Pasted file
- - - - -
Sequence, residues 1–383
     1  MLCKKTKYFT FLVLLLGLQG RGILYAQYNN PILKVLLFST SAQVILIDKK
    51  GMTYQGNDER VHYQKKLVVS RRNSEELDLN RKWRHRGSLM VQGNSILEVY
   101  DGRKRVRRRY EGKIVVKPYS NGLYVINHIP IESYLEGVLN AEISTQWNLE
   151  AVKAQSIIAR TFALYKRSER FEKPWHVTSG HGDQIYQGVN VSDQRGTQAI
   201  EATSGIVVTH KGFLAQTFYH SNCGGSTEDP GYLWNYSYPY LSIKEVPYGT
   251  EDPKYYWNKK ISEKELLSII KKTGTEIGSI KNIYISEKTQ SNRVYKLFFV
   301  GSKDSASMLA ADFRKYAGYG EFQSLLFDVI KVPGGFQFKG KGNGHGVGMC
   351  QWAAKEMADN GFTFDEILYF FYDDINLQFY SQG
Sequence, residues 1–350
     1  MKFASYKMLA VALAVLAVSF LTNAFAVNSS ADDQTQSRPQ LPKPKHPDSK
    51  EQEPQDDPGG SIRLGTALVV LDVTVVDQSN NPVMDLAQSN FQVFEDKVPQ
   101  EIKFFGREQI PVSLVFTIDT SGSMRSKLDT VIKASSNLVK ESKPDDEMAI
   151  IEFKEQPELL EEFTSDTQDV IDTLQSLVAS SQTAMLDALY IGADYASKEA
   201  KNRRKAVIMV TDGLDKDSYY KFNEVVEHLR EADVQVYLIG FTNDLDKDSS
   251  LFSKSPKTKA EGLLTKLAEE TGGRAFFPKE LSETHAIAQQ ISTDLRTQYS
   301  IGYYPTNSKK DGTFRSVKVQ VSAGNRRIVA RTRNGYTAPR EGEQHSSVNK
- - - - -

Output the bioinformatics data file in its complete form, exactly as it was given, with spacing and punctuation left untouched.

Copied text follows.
Sequence, residues 1–383
     1  MLCKKTKYFT FLVLLLGLQG RGILYAQYNN PILKVLLFST SAQVILIDKK
    51  GMTYQGNDER VHYQKKLVVS RRNSEELDLN RKWRHRGSLM VQGNSILEVY
   101  DGRKRVRRRY EGKIVVKPYS NGLYVINHIP IESYLEGVLN AEISTQWNLE
   151  AVKAQSIIAR TFALYKRSER FEKPWHVTSG HGDQIYQGVN VSDQRGTQAI
   201  EATSGIVVTH KGFLAQTFYH SNCGGSTEDP GYLWNYSYPY LSIKEVPYGT
   251  EDPKYYWNKK ISEKELLSII KKTGTEIGSI KNIYISEKTQ SNRVYKLFFV
   301  GSKDSASMLA ADFRKYAGYG EFQSLLFDVI KVPGGFQFKG KGNGHGVGMC
   351  QWAAKEMADN GFTFDEILYF FYDDINLQFY SQG
Sequence, residues 1–350
     1  MKFASYKMLA VALAVLAVSF LTNAFAVNSS ADDQTQSRPQ LPKPKHPDSK
    51  EQEPQDDPGG SIRLGTALVV LDVTVVDQSN NPVMDLAQSN FQVFEDKVPQ
   101  EIKFFGREQI PVSLVFTIDT SGSMRSKLDT VIKASSNLVK ESKPDDEMAI
   151  IEFKEQPELL EEFTSDTQDV IDTLQSLVAS SQTAMLDALY IGADYASKEA
   201  KNRRKAVIMV TDGLDKDSYY KFNEVVEHLR EADVQVYLIG FTNDLDKDSS
   251  LFSKSPKTKA EGLLTKLAEE TGGRAFFPKE LSETHAIAQQ ISTDLRTQYS
   301  IGYYPTNSKK DGTFRSVKVQ VSAGNRRIVA RTRNGYTAPR EGEQHSSVNK